Newspaper of The New York Herald, December 17, 1857, Page 4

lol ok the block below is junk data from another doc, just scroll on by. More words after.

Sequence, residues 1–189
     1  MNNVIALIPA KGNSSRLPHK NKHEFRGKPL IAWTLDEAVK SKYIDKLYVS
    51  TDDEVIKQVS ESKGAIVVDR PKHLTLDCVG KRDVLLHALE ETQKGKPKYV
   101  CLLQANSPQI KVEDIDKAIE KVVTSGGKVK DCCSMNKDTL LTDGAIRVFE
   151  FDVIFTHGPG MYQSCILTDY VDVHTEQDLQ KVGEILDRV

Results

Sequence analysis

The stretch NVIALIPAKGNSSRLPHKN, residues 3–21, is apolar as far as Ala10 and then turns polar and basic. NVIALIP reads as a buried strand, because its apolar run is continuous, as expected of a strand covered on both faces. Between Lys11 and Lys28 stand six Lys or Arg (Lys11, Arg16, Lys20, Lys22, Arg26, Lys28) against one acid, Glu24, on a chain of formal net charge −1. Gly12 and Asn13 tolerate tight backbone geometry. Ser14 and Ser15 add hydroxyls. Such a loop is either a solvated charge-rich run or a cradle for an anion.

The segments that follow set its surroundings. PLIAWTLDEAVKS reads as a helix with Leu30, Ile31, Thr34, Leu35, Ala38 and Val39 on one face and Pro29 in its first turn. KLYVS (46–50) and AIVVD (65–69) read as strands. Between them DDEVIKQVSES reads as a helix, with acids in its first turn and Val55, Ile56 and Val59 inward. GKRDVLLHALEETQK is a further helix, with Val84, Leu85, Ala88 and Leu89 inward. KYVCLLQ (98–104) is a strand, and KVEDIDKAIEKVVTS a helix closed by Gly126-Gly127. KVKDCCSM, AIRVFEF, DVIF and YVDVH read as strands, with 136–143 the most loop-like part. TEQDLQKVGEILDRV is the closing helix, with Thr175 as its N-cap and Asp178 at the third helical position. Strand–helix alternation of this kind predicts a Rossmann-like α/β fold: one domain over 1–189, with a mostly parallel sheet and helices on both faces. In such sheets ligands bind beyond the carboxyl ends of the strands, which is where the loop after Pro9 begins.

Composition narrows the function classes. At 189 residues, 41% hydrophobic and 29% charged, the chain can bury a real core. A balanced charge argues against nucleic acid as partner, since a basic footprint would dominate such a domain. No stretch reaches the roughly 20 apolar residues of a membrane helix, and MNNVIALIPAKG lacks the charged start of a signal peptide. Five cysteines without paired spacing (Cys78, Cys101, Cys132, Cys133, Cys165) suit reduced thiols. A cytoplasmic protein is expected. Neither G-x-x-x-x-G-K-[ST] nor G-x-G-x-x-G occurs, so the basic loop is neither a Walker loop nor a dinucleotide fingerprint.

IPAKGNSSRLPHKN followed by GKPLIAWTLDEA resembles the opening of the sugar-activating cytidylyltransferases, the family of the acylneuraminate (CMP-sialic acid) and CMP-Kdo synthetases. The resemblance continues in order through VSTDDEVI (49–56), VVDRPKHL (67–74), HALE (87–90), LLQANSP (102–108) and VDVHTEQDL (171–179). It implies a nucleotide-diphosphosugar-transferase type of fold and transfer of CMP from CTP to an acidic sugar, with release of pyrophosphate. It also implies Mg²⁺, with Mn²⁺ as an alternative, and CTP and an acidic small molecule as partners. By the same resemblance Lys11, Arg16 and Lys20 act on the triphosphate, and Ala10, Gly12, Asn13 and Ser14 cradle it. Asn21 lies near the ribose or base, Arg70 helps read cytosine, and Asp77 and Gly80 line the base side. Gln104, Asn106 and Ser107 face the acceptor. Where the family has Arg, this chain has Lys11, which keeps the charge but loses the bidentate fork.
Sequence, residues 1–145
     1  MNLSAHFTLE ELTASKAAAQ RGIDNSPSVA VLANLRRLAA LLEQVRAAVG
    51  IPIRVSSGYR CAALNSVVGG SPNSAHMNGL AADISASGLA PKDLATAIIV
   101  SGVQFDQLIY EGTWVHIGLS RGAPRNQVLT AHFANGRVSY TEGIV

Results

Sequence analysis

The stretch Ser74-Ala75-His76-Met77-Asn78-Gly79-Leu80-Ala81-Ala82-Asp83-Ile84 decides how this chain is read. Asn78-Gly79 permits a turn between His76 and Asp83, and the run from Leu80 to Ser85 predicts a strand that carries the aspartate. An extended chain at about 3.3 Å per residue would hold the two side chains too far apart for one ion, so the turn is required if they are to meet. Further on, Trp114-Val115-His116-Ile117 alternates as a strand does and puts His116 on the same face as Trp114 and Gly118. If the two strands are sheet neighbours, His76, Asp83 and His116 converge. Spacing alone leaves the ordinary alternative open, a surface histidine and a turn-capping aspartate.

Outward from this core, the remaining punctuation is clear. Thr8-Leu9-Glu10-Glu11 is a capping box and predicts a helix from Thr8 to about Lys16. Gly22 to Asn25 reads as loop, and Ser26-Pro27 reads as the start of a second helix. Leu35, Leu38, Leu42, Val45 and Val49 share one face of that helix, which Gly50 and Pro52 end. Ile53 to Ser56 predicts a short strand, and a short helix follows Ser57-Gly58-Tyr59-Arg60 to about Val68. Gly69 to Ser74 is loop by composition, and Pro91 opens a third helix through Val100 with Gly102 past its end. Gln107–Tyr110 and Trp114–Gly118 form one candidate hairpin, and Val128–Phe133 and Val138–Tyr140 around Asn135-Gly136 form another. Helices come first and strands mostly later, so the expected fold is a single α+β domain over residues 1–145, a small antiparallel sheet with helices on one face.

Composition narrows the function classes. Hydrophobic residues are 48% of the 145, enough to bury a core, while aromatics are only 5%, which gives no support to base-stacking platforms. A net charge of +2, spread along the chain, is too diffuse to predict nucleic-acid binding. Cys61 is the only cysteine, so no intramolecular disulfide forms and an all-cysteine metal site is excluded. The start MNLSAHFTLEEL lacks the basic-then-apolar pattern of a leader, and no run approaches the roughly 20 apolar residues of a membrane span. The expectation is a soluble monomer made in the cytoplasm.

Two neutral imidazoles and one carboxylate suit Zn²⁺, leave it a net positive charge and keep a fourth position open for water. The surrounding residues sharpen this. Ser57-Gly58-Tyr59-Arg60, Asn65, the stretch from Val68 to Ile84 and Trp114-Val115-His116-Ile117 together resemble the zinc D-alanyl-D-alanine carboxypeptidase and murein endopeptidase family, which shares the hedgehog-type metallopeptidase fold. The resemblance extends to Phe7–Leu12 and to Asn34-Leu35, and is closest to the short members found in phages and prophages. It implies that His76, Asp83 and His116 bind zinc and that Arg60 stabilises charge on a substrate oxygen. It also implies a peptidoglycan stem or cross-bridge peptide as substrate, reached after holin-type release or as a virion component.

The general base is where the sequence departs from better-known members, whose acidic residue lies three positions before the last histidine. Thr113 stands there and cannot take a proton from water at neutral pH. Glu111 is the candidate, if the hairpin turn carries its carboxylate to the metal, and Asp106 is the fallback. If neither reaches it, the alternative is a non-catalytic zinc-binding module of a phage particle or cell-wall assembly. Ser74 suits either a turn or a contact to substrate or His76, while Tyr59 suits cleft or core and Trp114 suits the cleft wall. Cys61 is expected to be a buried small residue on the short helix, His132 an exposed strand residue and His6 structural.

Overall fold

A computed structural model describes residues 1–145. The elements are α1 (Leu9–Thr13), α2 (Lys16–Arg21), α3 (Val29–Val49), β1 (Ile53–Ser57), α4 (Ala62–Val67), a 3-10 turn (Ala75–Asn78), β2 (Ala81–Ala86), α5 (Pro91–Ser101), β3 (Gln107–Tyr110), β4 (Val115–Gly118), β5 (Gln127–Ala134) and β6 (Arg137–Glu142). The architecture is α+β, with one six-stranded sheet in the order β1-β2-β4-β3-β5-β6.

Newspaper of The New York Herald dated December 17, 1857 Page 4